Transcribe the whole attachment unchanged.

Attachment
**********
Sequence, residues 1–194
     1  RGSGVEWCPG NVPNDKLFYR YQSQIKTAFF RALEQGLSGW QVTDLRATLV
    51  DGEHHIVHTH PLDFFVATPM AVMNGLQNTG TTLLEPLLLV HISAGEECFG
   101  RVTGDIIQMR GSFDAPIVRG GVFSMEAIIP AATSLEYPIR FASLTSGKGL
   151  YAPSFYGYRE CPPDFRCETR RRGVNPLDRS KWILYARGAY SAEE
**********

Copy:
Sequence, residues 1–194
     1  RGSGVEWCPG NVPNDKLFYR YQSQIKTAFF RALEQGLSGW QVTDLRATLV
    51  DGEHHIVHTH PLDFFVATPM AVMNGLQNTG TTLLEPLLLV HISAGEECFG
   101  RVTGDIIQMR GSFDAPIVRG GVFSMEAIIP AATSLEYPIR FASLTSGKGL
   151  YAPSFYGYRE CPPDFRCETR RRGVNPLDRS KWILYARGAY SAEE